My latest High Powered Professional Mover & Shaker is Anne Dill! Ms. Dill is a News Anchor for WCIA 3 News in Champaign, Illinois and has 14 years of experience in the media business. I’ve had the pleasure of seeing her deliver the news firsthand during my monthly news segments on the WCIA 3 Morning Show.

Prior to working at WCIA 3 News, Ms. Dill worked at KGAN in Iowa City, IA and WPBN in Traverse City, MI. She holds several honors including the Central Illinois Business Magazine’s 40 Under 40 (2010), United Way of Champaign Difference Maker Award (2011), Community Builder Award – Urbana Masonic Lodge (2008) and Outstanding Media Award (2008). Ms. Dill is heavily involved in the Champaign-Urbana community and has held several leadership positions including her incoming Board of Director position for the Junior League of Champaign-Urbana, Co-chair of Ready.Set.Grow! for the United Way and Emcee for the MDA Jerry Lewis Telethon since 2003. She has also served on several committees for local charity fundraising opportunities.

Ms. Dill graduated from DePauw University in Greencastle, IN. She is a member of the Illinois News Broadcasters Association. I am extremely excited to feature Ms. Dill as a Mover & Shaker on High Powered Professional! She is an excellent example of someone who is using their passion and unique gifts to sustain a highly successful career!

Q: Tell me about your current role as News Anchor for WCIA 3 News? What does a “normal” day look like for you? What are you doing when you’re not on TV?

There is no such thing as normal!!! But basically, I come in an hour before the show starts to read through scripts and make adjustments. My producers come in around midnight to start writing the show. We are on the air for 4 hours, constantly tweaking scripts, adjusting live shots, and updating Twitter and Facebook. When I get off the air, we cut promos for the next day’s show and debrief with the crew about what went wrong and what went right. Then I spend 3 hours booking guests for upcoming shows and formatting those scripts. I am responsible for booking 20 of our 35 live/local/in-studio guest segments every week. I answer emails and go home! Of course, all of that is thrown out the window on breaking news days!

Q: Being a TV Anchor has got to be an awesome experience! What is it like working for WCIA 3 News? Tell me about the perks!

Not many!! It sounds cooler than it is! Especially when my kids don’t think it’s any big deal! Perks in my contract include getting reimbursed for some clothing and make-up, and we have a trade for advertising to have my hair done. Other than that, it’s a pretty normal 40 hour a week job! Many people think we have a hair stylist at the station to do our hair every morning, not true!

Q: There are lots of people who dream of doing the type of work that you do! Tell me how you landed your job!

I did radio for 4 years in college and just decided to make my hobby my career. I held 3 internships while still in school and took a producing job after graduation. I eventually moved up to a reporter position after being there for 6 months, was called to move to Iowa, and then applied to WCIA when I got married and moved to Champaign, IL. I was a reporter here (WCIA) for 2 years before the morning anchor position opened up.

Q: What would you say are the essential skills that one must have to enter your industry? And, are there any tips that you can provide for those who are interested in your field?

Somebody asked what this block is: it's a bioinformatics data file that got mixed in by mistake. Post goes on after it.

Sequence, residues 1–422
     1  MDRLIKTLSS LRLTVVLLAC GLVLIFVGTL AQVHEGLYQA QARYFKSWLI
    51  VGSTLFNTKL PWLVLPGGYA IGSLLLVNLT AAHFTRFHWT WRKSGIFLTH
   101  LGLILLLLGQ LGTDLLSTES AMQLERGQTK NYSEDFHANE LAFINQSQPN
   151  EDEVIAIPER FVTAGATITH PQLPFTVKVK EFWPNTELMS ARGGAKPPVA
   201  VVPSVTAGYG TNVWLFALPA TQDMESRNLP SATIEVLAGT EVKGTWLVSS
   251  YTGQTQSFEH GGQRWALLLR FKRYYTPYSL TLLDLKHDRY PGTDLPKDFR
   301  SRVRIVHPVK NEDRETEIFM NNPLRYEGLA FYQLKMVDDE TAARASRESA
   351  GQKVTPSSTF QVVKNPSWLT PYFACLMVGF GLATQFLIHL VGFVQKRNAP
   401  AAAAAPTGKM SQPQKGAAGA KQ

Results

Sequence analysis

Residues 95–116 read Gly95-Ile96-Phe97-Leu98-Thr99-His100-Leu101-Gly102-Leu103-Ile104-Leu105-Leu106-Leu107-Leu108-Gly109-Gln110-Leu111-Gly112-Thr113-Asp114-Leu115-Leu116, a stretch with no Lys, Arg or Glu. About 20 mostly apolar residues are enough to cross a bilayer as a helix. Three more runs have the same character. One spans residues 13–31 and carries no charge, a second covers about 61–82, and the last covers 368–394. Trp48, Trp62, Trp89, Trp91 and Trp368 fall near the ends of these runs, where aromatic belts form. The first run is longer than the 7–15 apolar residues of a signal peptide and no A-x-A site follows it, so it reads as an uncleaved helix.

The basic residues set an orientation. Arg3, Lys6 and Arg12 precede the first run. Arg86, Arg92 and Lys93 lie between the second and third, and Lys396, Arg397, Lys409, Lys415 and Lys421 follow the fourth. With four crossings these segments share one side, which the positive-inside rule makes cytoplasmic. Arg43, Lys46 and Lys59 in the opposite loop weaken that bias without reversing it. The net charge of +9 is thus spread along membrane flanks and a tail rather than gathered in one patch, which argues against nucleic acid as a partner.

Definitely an ability to think and talk on the fly. Organization is a must and composure under pressure. You also can’t be afraid to ask questions. There are many times I’ve had to ask the family of murder victims to tell me about their loved one right after their death, or question a politician on a controversial decision. You have to be pretty pushy to meet deadlines too. If someone is interested in getting into journalism, I recommend they get a few internships. You obviously need an education, but many of these skills can’t be taught in a classroom.

Q: I’m a firm believer that you must have passion for the work that you do. What do you love about being on the news? And, conversely, what are some of the challenges that professionals should consider before deciding to pursue a career in your field?

I got into this because I wanted to be a storyteller. I love that I can tell the stories of our community and the people here. When it comes down to it, everything is a story – even why parking fees are going up. And I love that it’s different every day. I’m still amazed by the incredible things people do to help one another and improve their communities.

In terms of challenges, you have to expect the unexpected. Just when you have a story pinpointed, you may do an interview and discover the real story is something completely different. Or breaking news happens and you have to ditch what you’ve already done. Also, you’ll never work a “normal” 9 to 5 job. All shifts either come in at midnight, 4 am, 9:30, or 2:30. Not to mention weekends and holidays are still “all hands on deck”. It took me 11 years in the business to get Christmas Day off! And this year only because it was a Saturday!

Q: Staying power is just as important as actually getting the job. So, what would you say are the ingredients for success in your field?

The biggest ingredient is respect. Everything else is flavoring. If you don’t have respect of the viewers – they won’t take your stories to heart, if you don’t have the respect of your interviewees – they won’t open up to you, and if you don’t have the respect of your colleagues – you can’t collaborate. Add a pinch of humor, diligence, perserverence and elbow grease!

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